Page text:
Step 1 - Locate the wiper module and remove the circuit board as described in Option #2 above. Be VERY careful removing the circuit board. Do not crack, bend or break it or you're outta luck and will have to buy a new one. The circuit board is approx. 2"x 4" and has two distinct sides. The top is the side where all the components live, especially the large black socket for the electrical connector (more on that later). The bottom is where all the lead wires from the electrical components poke thru the board and are soldered to the printed circuit. Carefully wipe the excess grease off the board.
Step 2 - The fault in the board is caused by bad solder joints holding the large socket onto the printed circuit. If the board itself is cracked or broken, then you will have to get a new one. Carefully inspect the tiny mounds of solder underneath the large socket on the bottom of the board. Each drop of solder connects a lead wire from the socket to the printed circuit. A bad solder joint may look like it has a tiny circle in the drop of solder around the wire end, a chip or crack in the little mound of solder, or it may be too small to see. At this point you will need a soldering gun and solder, and a steady hand. (Note - Plain or rosin-core solder has been recommended to me. Do not use acid-core solder as it will damage your work.)
Step 3 - Set your circuit board bottom side up so you can see the solder joints for the socket onto the printed circuit. Heat up your soldering gun and apply just a tiny drop of solder to the tip. Place the hot tip with the melted solder directly onto the existing solder joint in question just long enough until the gun melts the existing solder and the new solder mixes in with it. Remove the gun from the work and allow to cool. Remelting the original solder and adding some extra should repair the joint and make continuity again and reinforce it. Repeat for all the solder joints in question, and/or all the solder joints for the socket. Don't overheat your work, or solder may run down and create a short to another circuit, or you may unknowingly fry a component on the other side of the board.
Step 4 - Allow everything to cool, then reinstall the board as listed in Option #2 above.
Good luck - Jonathan

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On Mon, 12 Jun 2006 03:40:10 GMT, "Jonathan"

Many thanks for the reply Johathan. I've got all the symptoms you describe...... Not sure about the G20 vs the other models - my motor/modue is WAY up under the dash - gotta remove heater duct just to get to it.... and I'm not sure if I can remove the module without (much pain) removing the entire motor assy. I'd love to pop just the module, but......
Any experience with the aftermarket replacement module that claims to have a "thicker" PCB - less prone to warping and cracking the PCB vs. the dealer replacement?. I'm familiar with PCB repair - any idea about success %?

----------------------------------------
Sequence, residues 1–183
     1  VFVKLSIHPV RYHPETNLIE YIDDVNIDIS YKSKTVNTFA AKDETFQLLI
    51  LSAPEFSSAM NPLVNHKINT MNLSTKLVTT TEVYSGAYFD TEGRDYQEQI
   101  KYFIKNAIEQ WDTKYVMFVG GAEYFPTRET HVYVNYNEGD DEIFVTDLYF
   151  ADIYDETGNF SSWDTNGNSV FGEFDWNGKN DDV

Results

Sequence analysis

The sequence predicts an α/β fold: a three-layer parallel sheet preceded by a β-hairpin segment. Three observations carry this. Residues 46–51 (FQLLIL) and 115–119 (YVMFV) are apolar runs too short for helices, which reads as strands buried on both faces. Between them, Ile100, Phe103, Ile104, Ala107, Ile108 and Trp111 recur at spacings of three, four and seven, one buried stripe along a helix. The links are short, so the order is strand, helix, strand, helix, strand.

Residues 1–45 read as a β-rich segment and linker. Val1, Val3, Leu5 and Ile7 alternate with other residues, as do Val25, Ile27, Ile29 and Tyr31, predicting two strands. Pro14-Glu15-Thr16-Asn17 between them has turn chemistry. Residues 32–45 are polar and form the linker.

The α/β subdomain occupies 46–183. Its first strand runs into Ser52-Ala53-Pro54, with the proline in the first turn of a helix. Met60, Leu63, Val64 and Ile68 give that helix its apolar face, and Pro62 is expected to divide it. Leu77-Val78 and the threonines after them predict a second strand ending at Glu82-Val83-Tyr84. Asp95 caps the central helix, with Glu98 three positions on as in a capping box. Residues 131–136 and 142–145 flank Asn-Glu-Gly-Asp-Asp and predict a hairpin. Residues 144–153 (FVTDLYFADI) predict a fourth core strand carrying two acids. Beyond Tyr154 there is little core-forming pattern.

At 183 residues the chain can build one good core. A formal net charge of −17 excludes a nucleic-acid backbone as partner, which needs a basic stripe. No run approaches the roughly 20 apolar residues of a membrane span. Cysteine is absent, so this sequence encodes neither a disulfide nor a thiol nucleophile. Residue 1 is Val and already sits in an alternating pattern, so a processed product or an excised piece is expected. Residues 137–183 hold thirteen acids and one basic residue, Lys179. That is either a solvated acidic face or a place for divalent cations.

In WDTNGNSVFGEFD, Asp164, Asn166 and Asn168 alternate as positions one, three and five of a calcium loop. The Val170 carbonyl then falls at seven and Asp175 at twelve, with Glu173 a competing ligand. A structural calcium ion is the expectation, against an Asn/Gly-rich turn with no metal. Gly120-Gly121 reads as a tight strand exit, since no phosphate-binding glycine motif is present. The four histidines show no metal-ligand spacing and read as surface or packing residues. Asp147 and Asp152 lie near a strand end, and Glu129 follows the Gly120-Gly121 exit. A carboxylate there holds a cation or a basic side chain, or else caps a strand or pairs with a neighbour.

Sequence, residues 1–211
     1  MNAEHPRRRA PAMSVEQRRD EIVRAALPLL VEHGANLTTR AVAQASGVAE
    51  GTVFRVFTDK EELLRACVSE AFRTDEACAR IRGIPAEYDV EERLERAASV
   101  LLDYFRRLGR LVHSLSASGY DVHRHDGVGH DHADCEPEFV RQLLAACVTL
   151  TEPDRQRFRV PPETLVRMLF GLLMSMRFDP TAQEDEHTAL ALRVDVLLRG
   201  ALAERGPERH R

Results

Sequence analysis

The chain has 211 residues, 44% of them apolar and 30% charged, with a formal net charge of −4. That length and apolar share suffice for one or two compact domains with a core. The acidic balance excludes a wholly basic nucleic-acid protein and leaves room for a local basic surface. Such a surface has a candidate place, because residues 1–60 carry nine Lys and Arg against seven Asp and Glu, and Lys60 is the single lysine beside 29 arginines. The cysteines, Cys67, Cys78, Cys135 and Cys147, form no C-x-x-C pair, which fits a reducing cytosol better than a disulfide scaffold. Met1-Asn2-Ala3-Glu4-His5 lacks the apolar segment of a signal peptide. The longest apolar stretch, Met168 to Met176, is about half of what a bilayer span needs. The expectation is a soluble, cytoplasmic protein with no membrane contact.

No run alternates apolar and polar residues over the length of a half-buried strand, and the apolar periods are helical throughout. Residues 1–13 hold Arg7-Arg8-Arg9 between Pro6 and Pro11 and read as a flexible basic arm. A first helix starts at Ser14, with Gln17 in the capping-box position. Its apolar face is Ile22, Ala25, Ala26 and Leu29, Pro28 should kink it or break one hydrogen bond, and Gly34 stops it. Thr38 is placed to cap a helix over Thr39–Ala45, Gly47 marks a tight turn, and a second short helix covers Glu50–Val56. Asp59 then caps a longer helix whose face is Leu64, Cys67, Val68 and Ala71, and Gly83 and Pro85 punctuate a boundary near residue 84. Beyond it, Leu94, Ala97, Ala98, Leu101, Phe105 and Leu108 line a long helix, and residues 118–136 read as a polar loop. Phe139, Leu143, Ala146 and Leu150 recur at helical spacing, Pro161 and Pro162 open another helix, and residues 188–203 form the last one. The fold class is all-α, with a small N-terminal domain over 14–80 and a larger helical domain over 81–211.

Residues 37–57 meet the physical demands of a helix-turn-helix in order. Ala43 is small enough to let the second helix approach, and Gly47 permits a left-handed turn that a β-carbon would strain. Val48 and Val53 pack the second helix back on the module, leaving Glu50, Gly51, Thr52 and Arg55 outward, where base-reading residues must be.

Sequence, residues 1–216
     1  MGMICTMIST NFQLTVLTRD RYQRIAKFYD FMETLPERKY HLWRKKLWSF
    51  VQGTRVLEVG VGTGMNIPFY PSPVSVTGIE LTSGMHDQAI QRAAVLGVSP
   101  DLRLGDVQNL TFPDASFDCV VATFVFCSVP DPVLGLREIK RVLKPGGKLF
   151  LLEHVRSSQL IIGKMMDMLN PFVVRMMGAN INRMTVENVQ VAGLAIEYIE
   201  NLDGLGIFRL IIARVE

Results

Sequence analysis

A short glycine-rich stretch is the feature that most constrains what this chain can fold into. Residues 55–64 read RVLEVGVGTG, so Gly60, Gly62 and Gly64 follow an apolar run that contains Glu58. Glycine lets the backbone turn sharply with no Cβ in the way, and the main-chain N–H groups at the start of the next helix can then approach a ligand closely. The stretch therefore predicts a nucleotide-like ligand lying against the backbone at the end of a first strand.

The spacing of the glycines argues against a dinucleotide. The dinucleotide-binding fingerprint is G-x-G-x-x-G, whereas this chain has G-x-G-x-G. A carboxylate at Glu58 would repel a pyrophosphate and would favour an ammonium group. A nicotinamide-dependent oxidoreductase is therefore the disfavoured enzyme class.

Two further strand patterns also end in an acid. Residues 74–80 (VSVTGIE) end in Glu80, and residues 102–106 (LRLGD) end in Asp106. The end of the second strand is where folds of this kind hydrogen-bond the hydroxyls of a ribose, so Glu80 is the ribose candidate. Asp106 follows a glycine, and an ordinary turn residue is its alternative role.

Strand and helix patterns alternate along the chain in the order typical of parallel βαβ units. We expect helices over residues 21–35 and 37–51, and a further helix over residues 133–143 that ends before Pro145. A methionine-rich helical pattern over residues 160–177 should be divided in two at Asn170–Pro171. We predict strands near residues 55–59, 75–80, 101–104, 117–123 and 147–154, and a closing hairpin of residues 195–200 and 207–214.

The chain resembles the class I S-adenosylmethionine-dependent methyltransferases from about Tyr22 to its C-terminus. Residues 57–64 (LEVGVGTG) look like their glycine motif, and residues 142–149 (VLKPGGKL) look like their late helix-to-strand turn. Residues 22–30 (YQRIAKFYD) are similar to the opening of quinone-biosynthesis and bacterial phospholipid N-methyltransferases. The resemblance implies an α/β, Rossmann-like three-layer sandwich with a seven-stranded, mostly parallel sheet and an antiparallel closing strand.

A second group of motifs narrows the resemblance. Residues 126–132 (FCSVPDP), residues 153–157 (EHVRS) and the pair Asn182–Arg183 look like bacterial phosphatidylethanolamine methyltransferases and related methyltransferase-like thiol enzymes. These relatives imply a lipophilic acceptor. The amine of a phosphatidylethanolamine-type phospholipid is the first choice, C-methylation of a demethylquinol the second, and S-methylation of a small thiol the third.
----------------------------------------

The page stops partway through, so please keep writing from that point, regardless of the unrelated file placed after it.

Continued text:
If all else fails, is there a way to jury rig it so I can get manual control - even just hi speed? I live in a rural area, and the van has to stay on the road (electrician), and there is no source of parts etc. when I tear into it on the weekend.
Thanks again.
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The aftermarket thicker PC board IS the replacement that comes in the kit from the dealer and it still needs to be installed in the wiper module, replacing the old one. In truth, the only real significant difference is that the socket is anchored onto the board more securely than the original so it won't break the solder joints when stressed, hence the need for the thicker board. Either way (repair or replacement, regardless of where you buy the new board) you still have to get to the wiper module as the board and motor are integrated into the same unit (speaking for the trucks I described - I still don't know about the G20 vans). With this unit, there is no way to re-route a switch or any wiring around the faulty board for the very same reason, that being it's integrated.
Cheers - Jonathan
wrote:

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Greetings Jonathan
Thanks for the note.
I've got some info you could add to your post regarding replacement of the pulse module in a 1995 G20 van (probably applies to the entire G series).
It is possible to replace the module without removing the wiper motor. First you need to remove the "shell" under the steering column - 3 m12 screws and 4 Phillips. Then you can look in and see the motor, and the cover plate which retains the module. The module cover faces the dash, pointing down at about a 30 degree angle. The module cover screws are Torx t20, and you will need a long extension. I used a 3" plus a 6" plus the screwdriver 1/4" drive handle to reach them - 2 6" would have been evev better. at the end of the extension I had a 1/4" drive by 1/4" hex socket, and I taped my Torx bit into the socket.
My installation had a grey plug and socket connector in the wire before the connector that goes into the module, so I disconnected the motor there. With a bit of finagling, you can hit each of the three screws straight on..... I did the two top screws first (most difficult - top right may need a flex drive to help, but alignment is difficult - not much finger room), and then the "center" screw. Assembled in the reverse order, and all seems to be well. The new Torx screws supplied with the new module "locked on" to my Torx bit nicely - just pointed in, engaged and snugged down.
I didn't notice any cracks in any of the traces, or around the solder pins of the primary connector on the old module. I did notice some apparent "heat damage" by Q1 and Q2, but I did have all the symptoms you described in your post.
Total time about 3 hours, including a 1 hour round trip to Napa, where I got the module ($30) - and the temp was over 90 deg. here in southern Maine!. I also removed the outside cowling grille to lube the squeaking, low tech connecting arm joints.
Grover
On Tue, 13 Jun 2006 05:18:36 GMT, "Jonathan"